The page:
“Very few, even among those who have taken the keenest interest in the progress of the revolution in natural knowledge set afoot by the publication of the 'Origin of Species'; and who have watched, not without astonishment, the rapid and complete change which has been effected both inside and outside the boundaries of the scientific world in the attitude of men's minds towards the doctrines which are expounded in that great work, can have been prepared for the extraordinary manifestation of affectionate regard for the man, and of profound reverence for the philosopher, which followed the announcement, on Thursday last, of the death of Mr Darwin.”
Thomas Henry Huxley, Collected Essays Of Thomas Henry Huxley

Thomas Henry Huxley
“Cats catch mice, small birds and the like, very well. Teleology tells us that they do so because they were expressly constructed for so doing—that they are perfect mousing apparatuses, so perfect and so delicately adjusted that no one of their organs could be altered, without the change involving the alteration of all the rest. Darwinism affirms on the contrary, that there was no express construction concerned in the matter; but that among the multitudinous variations of the Feline stock, many of which died out from want of power to resist opposing influences, some, the cats, were better fitted to catch mice than others, whence they throve and persisted, in proportion to the advantage over their fellows thus offered to them.

Far from imagining that cats exist 'in order' to catch mice well, Darwinism supposes that cats exist 'because' they catch mice well—mousing being not the end, but the condition, of their existence. And if the cat type has long persisted as we know it, the interpretation of the fact upon Darwinian principles would be, not that the cats have remained invariable, but that such varieties as have incessantly occurred have been, on the whole, less fitted to get on in the world than the existing stock.”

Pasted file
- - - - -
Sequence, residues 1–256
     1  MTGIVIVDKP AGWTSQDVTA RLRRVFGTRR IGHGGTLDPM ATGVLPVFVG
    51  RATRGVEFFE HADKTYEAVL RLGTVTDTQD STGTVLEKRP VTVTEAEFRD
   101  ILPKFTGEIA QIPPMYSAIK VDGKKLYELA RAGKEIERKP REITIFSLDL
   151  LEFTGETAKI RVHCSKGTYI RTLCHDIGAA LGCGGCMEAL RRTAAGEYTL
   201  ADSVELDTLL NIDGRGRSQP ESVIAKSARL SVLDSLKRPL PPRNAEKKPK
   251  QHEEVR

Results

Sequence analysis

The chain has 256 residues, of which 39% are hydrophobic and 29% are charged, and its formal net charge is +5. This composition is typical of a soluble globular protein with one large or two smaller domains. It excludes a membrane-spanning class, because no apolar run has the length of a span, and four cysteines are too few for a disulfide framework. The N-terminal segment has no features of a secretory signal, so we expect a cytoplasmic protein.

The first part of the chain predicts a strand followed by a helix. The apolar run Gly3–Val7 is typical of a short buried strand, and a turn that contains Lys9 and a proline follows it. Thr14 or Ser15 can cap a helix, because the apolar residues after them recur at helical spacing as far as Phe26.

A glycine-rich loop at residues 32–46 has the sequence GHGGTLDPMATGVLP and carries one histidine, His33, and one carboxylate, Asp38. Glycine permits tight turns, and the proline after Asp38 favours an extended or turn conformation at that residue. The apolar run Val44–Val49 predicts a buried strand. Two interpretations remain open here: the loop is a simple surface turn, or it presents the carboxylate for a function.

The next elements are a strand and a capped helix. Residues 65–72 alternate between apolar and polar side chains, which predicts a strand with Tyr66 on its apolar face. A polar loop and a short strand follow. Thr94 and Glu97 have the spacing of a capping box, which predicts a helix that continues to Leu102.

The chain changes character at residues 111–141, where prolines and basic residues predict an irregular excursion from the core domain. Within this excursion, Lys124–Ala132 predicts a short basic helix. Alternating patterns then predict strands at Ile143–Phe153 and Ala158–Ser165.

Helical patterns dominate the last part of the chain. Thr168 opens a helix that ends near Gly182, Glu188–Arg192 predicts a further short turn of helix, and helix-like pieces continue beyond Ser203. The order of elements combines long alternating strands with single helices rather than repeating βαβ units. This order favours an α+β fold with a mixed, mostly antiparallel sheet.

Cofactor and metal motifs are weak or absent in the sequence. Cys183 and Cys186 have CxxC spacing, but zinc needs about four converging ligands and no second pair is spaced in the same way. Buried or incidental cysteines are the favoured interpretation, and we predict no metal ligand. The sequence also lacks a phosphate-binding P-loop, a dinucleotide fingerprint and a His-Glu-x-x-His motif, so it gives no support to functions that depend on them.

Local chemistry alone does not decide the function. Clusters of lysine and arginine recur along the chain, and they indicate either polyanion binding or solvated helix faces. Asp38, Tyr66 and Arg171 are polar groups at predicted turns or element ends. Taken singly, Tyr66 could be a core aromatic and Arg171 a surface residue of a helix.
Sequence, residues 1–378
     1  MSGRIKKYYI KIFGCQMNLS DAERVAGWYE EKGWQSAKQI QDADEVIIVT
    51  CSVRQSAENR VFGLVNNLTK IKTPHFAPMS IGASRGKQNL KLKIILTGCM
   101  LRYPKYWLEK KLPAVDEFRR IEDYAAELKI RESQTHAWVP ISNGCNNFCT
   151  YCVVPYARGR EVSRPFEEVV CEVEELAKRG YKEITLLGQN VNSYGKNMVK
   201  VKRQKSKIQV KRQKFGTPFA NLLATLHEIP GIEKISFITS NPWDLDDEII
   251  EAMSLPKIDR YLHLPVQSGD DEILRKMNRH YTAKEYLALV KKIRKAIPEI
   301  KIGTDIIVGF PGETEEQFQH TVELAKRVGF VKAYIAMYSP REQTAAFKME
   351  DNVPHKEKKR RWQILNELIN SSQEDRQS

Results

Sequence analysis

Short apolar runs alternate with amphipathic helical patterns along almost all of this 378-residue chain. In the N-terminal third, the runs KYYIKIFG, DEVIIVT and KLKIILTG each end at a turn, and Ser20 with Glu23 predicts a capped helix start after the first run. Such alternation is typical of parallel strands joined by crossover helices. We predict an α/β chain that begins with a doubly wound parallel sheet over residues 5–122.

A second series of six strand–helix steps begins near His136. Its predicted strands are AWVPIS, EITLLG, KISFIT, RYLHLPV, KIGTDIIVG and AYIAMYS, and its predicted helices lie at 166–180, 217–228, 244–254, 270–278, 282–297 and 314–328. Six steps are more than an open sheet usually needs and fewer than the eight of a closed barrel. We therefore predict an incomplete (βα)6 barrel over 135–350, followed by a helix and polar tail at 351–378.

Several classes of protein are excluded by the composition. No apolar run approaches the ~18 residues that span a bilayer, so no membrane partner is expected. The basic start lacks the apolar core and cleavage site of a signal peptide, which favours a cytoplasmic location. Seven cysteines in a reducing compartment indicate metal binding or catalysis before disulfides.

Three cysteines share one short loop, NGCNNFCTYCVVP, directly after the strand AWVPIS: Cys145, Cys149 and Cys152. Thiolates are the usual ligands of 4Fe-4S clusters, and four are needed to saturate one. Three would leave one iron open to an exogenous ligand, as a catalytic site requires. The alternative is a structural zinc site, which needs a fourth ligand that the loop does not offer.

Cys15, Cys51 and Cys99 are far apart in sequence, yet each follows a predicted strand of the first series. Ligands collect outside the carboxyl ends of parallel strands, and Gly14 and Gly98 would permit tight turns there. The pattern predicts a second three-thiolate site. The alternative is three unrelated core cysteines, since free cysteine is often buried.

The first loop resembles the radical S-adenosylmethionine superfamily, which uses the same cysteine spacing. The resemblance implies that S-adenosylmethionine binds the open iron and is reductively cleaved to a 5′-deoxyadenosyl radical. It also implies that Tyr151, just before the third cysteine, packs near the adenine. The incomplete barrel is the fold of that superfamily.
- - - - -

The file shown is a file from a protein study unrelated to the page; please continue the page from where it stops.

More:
Thomas Henry Huxley, Criticism on "The origin of species"

J. Anderson Thomson
“There is a massive, irreconcilable conflict between science and religion. Religion was humanity's original cosmology, biology and anthropology. It provided explanations for the origin of the world, life and humans. Science now gives us increasingly complete explanations for those big three. We know the origins of the universe, the physics of the big bang and how the basic chemical elements formed in supernovas. We know that life on this planet originated about 4 billion years ago, and we are all descendants of that original replicating molecule. Thanks to Darwin we know that natural selection is the only workable explanation for the design and variety of all life on this planet. Paleoanthropologists and geneticists have reconstructed much of the human tree of life. We are risen apes, not fallen angels. We are the most successful and last surviving African hominid. Every single person on this Earth, all 7 billion of us, arose 50,000 years ago from small bands of African hunter-gatherers, a total population of somewhere between 600 and 2,000 individuals.”
J. Anderson Thomson

“I expect to think that I would rather be author of your book [The Origin of Species] than of any other on Nat. Hist. Science.

[Letter to Charles Darwin 12 Dec 1859]”
Joseph Dalton Hooker, Life and Letters of Sir Joseph Dalton Hooker O.M., G.C.S.I.

“Those who think 'Science is Measurement' should search Darwin's works for numbers and equations.”
David H. Hubel, The History of Neuroscience in Autobiography DVD Wiesel/Hubel

Thomas Henry Huxley
“According to Teleology, each organism is like a rifle bullet fired straight at a mark; according to Darwin, organisms are like grapeshot of which one hits something and the rest fall wide.

For the teleologist an organism exists because it was made for the conditions in which it is found; for the Darwinian an organism exists because, out of many of its kind, it is the only one which has been able to persist in the conditions in which it is found.

Teleology implies that the organs of every organism are perfect and cannot be improved; the Darwinian theory simply affirms that they work well enough to enable the organism to hold its own against such competitors as it has met with, but admits the possibility of indefinite improvement.”
Thomas Henry Huxley, Criticism on "The origin of species"

Francis Galton